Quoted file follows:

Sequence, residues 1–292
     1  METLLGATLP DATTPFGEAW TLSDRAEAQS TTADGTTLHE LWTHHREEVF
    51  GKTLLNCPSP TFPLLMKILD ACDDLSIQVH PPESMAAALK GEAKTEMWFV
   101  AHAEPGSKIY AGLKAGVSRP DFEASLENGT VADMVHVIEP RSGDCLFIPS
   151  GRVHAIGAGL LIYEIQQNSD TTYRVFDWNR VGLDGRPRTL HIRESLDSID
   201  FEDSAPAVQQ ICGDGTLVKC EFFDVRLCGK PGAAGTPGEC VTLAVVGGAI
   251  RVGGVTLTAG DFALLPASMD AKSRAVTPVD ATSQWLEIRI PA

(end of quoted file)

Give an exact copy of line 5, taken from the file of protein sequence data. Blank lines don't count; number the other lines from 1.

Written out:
   151  GRVHAIGAGL LIYEIQQNSD TTYRVFDWNR VGLDGRPRTL HIRESLDSID